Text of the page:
Florida Marlins: (87-75, second place in the N.L. East in 2009)
The Florida Marlins are truly an amazing team. They’ve got a cycle going: start out with a crap team, draft and scout well, make a few shrewd trades, win a World Series, sell everyone off, and repeat. So far, it’s worked about once every five to seven years.
In 2009, the Marlins won 87 games with a combined team salary of roughly $34.5 million, according to Cot’s Contracts. That means they paid about $397,000 per win. It’s about the cost of a house in the suburbs, but it’s far better than the Phillies’ ratio (93 wins, $127.9 million payroll, $1.375 million per win) or the World Champion Yankees (103 wins, $206.8 million payroll, $2.01 million per win). Now, I’m sure that while Marlins fans (if there are any) are proud that their team paid about 1/8 as much per win as the Yankees, they’d much rather overspend for a World Series title.
But there is something to be said for being able to scare the bejeezus out of the Phillies, Mets, and Braves every year with a bunch of homegrown prospects and reclamation projects. Their scouting department does an excellent job and Fredi Gonzalez, while I think he’s a self-important, tyrannical prick, is an excellent manager who now has won more games than any other manager in team history. While I don’t think anyone in his right mind would pick the Marlins to win the division outright, you’d have to be an idiot to underestimate them.
We know that Hanley Ramirez is probably the best position player in the National League not named Pujols. We know that Dan Uggla and Jorge Cantu will hit some and play terrible defense. Apart from that, the Marlins just have a slew of young players, enough that if Andrew Miller or Cameron Maybin doesn’t work out, they don’t really care.
Look for the Marlins to pitch very well. Josh Johnson might turn out to be the third-best starting pitcher in the division, and is an intimidating presence on the mound at a massive 6-foot-7, 250 pounds. He rode a mid-90s fastball and a hammer slider to a 3.03 FIP and 15 wins last year, good enough results that when MLB ordered the Marlins to go spend some money, they spent it locking up Johnson to a contract extension. He and Hanley Ramirez are the only Marlins signed beyond this year.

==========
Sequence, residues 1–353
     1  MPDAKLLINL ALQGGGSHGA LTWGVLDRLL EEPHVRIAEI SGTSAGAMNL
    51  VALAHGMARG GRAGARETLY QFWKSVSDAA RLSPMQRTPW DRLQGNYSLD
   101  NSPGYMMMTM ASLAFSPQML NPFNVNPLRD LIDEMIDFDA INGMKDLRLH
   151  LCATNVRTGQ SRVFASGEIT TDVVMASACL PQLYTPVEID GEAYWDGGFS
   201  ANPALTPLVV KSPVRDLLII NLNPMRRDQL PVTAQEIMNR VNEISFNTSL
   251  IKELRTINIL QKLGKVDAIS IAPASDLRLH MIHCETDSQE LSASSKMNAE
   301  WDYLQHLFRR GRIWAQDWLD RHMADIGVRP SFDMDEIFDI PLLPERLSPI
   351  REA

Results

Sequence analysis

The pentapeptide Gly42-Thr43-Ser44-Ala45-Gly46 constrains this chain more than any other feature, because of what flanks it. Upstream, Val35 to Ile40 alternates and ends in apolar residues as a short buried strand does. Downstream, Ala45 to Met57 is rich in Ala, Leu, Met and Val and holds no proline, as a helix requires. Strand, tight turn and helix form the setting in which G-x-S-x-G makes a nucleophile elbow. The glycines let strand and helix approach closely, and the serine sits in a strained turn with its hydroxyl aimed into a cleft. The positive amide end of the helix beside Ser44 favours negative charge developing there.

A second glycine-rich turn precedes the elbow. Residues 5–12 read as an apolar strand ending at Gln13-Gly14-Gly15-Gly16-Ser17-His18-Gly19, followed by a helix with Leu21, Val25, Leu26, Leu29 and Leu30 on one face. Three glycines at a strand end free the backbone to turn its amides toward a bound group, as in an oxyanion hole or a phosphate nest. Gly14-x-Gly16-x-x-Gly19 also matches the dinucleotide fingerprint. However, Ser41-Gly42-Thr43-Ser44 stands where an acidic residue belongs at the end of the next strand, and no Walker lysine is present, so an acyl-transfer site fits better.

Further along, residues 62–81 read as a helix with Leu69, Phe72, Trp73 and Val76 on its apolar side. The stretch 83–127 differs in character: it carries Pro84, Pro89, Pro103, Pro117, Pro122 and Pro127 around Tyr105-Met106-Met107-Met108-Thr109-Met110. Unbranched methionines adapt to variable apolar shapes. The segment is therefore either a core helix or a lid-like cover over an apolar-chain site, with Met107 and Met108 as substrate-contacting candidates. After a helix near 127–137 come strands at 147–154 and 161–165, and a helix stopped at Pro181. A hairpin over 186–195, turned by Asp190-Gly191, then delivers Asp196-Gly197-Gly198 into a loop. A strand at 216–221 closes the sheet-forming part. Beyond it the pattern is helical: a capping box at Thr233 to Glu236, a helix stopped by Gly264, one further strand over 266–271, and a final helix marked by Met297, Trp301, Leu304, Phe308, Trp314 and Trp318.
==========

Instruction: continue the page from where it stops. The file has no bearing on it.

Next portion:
Another Marlin pitcher to watch out for is Ricky Nolasco. Think of him as a right-handed Cliff Lee–he was quite good in 2008 but went to the minors in 2009. He straightened out his mechanics and came back up to the majors with his problems fixed. In September and October, he struck out more than 11 batters every 9 innings, a staggering total for a starting pitcher. Look for Nolasco’s 2008-09-10 to be a less-dramatic version of Lee’s 2006-07-08 seasons.
Beyond Johnson and Nolasco, they have the team’s highest-paid player, Nate Robertson, acquired from the Tigers this spring. Of course, the Tigers are paying $9.6 million of his $10 million salary. Beyond him stand a collection of young pitchers, ranging from former No. 6 overall pick Miller (6-foot-7) to Chris Volstad (6-foot-8) to Anibal Sanchez, who’s only 6-foot but threw a no-hitter once. If this season goes south, look for the Marlins to loan their starting rotation to the Heat next year.
If you don’t know the Marlins by now, you will never never never know them–they’re going to be a young, exciting team that finishes a few games over .500 and scares the crap out of the Phillies in September. With the ascendancy of the Braves, the Phillies have a bigger chaser in their rearview mirror, but don’t sleep on the Fish, or your playoff hopes might sleep with them.